Here’s a med-ball shot-put variation that I like to use with throwers at @tnlperformance that have trouble loading into their back hips effectively. .
Place a high chair, box, stool, garbage can, anything that an athlete can hinge back to. The key is to touch the object for a split second and then transfer the momentum towards the wall/target/etc. .
This will help them increase their proprioception and get a better feel as to what their body is doing in space
Sets/reps: 3-4 sets of 2-4 reps/side
Med-Ball: 2-6 lb (maybe 8 lb in certain situations). Goal is to be explosive and move fast.
So we’ve all seen this guy literally sprinting down the runway and yucking it.
We can also probably all agree that it’s utterly preposterous.
...Or maybe not 🤔 that’s a 70 meter throw my friends, and that is no simple feat.
This post is dedicated to the topic of speed in the javelin throw and why it’s a double edged sword.
Speed is a cheat code
🔑: Many, many, many throwers are operating at a speed level that is well below what they are physically capable of.
🔑: Now obviously you don’t just want to show up to a meet and try sprinting like Usain Bolt down the runway. That will almost certainly end in regret.
🔑: But over the course of a few months, working on slowly improving approach speed, getting comfortable with the speed, and integrating the speed with rhythm and sequencing, speed will be an X-factor
Speed can also bite you in the tush -
🔑: Speed lives and breathes and feeds off rhythm. If you don’t have rhythm, *that* is when speed will destroy you.
🔑: Speed increases the forces in a throw tremendously. This means your whole body has to be prepared physically or you’ll hurt yourself.
🔑: For most people, their inability to handle speed is evident in collapsing at or blowing through their block leg. But I’d also like to point out that I see people who are clearly “strong enough” to be able to hit a block at higher speeds but still can’t. In this case exercises in pretension and stiffness through the block leg could really accelerate the learning process.
🔑: Going faster than you can handle too soon, ingrains really bad habits, weird sequencing patterns and can put a serious ceiling on long term performance.
What to do about speed
🔑: Establish rhythm first.
🔑: Think of speed as increasing “tempo” of rhythm.
🔑: Run as fast as you can while making it look easy. Nice and relaxed, no bulging neck veins. This is probably faster than you think.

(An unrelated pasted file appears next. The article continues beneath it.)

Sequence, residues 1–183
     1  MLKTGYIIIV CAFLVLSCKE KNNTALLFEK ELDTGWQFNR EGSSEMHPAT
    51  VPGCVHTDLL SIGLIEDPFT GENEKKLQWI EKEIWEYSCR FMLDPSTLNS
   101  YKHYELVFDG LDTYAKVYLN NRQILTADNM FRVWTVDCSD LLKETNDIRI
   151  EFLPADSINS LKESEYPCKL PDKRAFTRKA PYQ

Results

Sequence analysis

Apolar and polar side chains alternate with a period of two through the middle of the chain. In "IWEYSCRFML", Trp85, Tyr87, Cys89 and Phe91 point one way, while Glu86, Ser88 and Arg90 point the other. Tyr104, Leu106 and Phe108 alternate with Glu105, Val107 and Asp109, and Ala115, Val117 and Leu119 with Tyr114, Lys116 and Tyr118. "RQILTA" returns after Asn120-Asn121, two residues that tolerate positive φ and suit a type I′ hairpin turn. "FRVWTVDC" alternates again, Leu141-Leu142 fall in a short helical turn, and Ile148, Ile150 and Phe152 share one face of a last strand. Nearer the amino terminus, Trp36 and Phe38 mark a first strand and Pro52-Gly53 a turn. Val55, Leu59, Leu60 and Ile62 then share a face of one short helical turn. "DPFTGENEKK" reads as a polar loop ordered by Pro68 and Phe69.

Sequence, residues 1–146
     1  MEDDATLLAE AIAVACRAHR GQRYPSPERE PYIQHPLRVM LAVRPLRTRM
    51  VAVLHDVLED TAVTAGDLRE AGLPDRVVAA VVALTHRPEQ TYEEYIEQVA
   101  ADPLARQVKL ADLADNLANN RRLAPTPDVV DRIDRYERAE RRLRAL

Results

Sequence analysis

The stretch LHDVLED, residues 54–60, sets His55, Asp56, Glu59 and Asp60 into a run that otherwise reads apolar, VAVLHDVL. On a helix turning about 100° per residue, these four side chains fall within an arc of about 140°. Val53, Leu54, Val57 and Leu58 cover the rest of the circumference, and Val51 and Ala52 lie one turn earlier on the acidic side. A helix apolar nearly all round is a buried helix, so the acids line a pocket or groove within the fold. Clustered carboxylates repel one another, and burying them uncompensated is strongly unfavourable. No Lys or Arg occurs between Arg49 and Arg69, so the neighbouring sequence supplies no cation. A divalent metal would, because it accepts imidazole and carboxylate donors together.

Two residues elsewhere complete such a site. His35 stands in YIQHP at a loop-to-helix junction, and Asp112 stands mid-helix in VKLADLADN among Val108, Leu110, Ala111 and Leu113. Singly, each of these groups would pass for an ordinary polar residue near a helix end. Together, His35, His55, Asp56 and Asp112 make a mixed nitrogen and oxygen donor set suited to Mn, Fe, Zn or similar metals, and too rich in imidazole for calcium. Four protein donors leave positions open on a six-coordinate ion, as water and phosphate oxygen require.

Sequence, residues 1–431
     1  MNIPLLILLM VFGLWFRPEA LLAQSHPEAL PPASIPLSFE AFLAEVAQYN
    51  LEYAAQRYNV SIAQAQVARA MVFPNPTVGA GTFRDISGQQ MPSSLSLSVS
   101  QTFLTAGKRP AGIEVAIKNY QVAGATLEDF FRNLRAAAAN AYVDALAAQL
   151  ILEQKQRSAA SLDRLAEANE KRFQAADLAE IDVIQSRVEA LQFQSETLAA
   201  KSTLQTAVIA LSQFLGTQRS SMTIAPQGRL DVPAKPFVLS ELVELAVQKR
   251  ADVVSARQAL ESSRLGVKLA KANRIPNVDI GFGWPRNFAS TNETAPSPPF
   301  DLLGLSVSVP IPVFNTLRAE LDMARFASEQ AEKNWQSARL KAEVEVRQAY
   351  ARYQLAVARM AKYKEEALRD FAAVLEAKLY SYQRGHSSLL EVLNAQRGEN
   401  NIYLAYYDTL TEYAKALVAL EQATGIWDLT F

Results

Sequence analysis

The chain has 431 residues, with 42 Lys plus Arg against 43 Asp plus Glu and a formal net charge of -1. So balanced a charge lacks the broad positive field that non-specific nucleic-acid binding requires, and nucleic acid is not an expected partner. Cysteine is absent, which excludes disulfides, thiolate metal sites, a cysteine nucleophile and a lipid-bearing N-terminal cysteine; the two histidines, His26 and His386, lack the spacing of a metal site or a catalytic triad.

🔑: Take speed slow (🤔). Increase speed little by little and you’ll find its way easier to integrate with the rest of your technique 👌🏻
Goosebumps moments! Still looking back on the the weekend with a smile, seasons best in the Athletics World Cup, pushed along by the incredible crowd! So loud and really got behind me and the team! Was a privilege to be part of this Great Britain team 🇬🇧—————————————————————- #throwersunite#thethrowerfam#shotput#represent#trackandfield
Another Monday passes, which means it's #ThrowingCrateTuesday !!! This is the SIXTH and LAST installment of showcasing the implements that make our sport great! When I moved to Georgia, I was so blown away by these crates, I had to share them with the world!
TODAY OUR FEATURE IS...
PUDS! Puds are a great tool for any hammer/weight thrower that needs to improve their finish. These allow you to work the specific strength and help develop the power! We throw everything from 22lb for girls, to 28 or 30lbs for high school boys!
What does your throwing crate/shed/milk crate look like? Use the hashtag #throwingCrateTuesday and I'll be checking it out!
May 8, 2017, we taped a 1k discus to a PVC pipe to start learning hammer. July 15, 2018, we broke the Maine state record of 191’8” set back in 1929. His development as a thrower is truly staggering, and this record is a testament to his tenacity, commitment, and work ethic. Throwing hammer this winter in -15° weather definitely paid off. Thanks @mainetrack_xc for the article! #slingshoteffect